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Indie designer of the week: Emma Wright

Our indie designer of the week is Emma Wright, a knitwear and crochet designer known for her flair for funky, fashion forward knits. We’re completely smitten with her gorgeous patterns and can’t wait to see what she designs next. We sat down with Emma to discuss anything and everything about her process, inspiration, and life as a successful indie designer. Take a read!

Hi Emma, thanks for letting us pick your brain today! Can you tell us about yourself? How did you start knitting? Who or what inspired you? 

I learnt to knit in the traditional way – my Nan taught me when I was a little girl, only I had no interest until I went to college at 16 to study Fashion and Textiles. One of the projects during my first year of textiles was hand knit, so I bought my first knitting book and all the skills my Nan taught me as a child came flooding back. I also taught myself to crochet and machine knit too!

When I begin any design project I like to start with a story or design influence I can connect with or that works with my personal design style. There are nearly always floral influences in my work and I have a major addiction to Pinterest which is a great place to store inspirational images and ideas.

What was your first knit?

My first knit was during college, I made a 1960s inspired shift dress with a peter pan collar. I never do things in half measure! It was black, only garter stitch but I had never done shaping for a neck or armholes before so as you can imagine it was a journey!  My first ever non-education knit was a Rowan cardigan designed by Martin Storey which I was actually wearing when I met him at a campaign for wool event a few years ago.

How has your knitting journey progressed? Where did you study and how did you decide which direction to take?

When I was at college my tutor wanted me to push my skills in knitwear and sent me in the direction of Nottingham Trent University where I did my degree in Fashion Knitwear and Knitted Textiles. My graduate collection was one of the hardest but most satisfying things I have ever done, I worked day and night to complete it and I am so pleased with what I have achieved. Inspired by my home county of Yorkshire, beginning with the countryside, sheep, and my love of tea as well as a play on feminine stereotypes I designed a collection of 6 outfits celebrating my love of handmade and British manufacture. I was very lucky to have my collection sponsored by Rowan, Laxtons, and Erika Knight who all made my dream of a 100% British wool collection happen.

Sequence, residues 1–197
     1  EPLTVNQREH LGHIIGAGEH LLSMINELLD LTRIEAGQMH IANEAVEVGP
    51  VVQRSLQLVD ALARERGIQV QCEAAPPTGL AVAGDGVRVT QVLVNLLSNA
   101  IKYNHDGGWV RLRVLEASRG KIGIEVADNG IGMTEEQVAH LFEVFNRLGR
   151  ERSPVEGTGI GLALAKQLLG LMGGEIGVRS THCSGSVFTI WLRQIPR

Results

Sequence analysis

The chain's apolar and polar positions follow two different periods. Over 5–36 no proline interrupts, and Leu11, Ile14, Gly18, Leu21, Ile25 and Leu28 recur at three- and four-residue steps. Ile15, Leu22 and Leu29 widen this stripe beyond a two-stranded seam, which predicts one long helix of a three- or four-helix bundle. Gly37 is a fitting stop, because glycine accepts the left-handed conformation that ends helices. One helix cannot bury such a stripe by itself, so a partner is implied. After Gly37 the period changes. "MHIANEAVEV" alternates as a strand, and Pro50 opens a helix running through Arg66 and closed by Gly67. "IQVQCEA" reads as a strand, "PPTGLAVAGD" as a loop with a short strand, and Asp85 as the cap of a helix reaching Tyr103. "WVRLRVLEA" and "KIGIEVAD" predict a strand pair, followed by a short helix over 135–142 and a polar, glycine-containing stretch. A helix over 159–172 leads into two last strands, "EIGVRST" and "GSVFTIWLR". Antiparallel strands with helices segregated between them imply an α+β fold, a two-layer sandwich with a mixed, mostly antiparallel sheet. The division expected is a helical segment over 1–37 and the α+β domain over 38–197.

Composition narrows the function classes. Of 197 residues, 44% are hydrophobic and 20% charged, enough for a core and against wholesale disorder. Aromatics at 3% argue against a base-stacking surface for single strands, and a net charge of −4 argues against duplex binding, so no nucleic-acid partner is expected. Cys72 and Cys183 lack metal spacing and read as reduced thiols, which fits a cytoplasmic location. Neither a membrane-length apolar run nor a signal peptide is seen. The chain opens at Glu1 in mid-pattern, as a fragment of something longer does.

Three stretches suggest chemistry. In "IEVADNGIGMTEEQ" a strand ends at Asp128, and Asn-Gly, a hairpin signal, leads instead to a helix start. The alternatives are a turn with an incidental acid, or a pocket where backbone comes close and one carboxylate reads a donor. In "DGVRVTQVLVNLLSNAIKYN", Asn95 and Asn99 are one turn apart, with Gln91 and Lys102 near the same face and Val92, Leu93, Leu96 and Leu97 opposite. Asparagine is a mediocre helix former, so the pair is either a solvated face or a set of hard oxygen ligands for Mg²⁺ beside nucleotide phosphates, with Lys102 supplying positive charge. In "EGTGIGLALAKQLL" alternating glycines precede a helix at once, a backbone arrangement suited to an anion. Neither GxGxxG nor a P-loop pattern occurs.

How have your experiences influenced your design style?

During my third year of University I was a design Intern at Thomas. B. Ramsden and also did a small placement with Louisa Harding. That year I gained the freedom to build my own design identity and begun having my designs published by some very wonderful magazines and design companies.

Wow, how amazing! Tell us about working with Louisa Harding (self-confessed mega fans over here)!

Louisa is amazing, I love working with her. She is very inspirational and I am very lucky to work with her so closely. I did a small placement with Louisa during my third year at university. Louisa took me through the processes she takes to prepare for a photo shoot. I was over the moon when she asked me to be her design assistant.

What are your most treasured yarns and styles?

I’m a big supporter of British Yarns, Erika Knight’s yarn collection is beautiful and West Yorkshire Spinners Signature 4ply is another favourite yarn of mine. Of course, I am a lover of Louisa Harding’s yarn too, I get very excited to see Louisa’s newest yarns or new shades that are added to existing yarns.

Can you tell us about the garment that you designed, for our Britain’s Next Top Knitwear Designer competition? What was the inspiration behind it?

I knew that I had to design something wearable but creative to fulfil the brief of the competition and I really wanted the design to have my stamp on it. I have a slight obsession with bows and was feeling quite inspired by the idea of rough and aged textures. And so the Statement Jumper was born. The great thing about this garment is how versatile it is, you can wear it with the bow at the front, at the back, or with the bottom hem of the back sewn up for a structured garment. The maker can also personalise this garment by changing the contrast colour or keep a natural look.

How has winning the competition changed your direction?

Winning the competition was an amazing surprise. I come from a university that encourage live projects and competitions but I have never won anything like this before. I think winning a competition like this is encouraging, it helped me to really believe in my work and has given me a brand new insight on how to approach any project I face. Winning the competition has opened many new doors for me and I am looking forward to what it brings in the future.

What are you knitting right now?

At the moment I am working on a few different projects, I am juggling as usual. I am currently putting together a mini collection of PDFs which I am quite excited about. It’s inspired by my three favourite things: sheep, flowers, and British wool.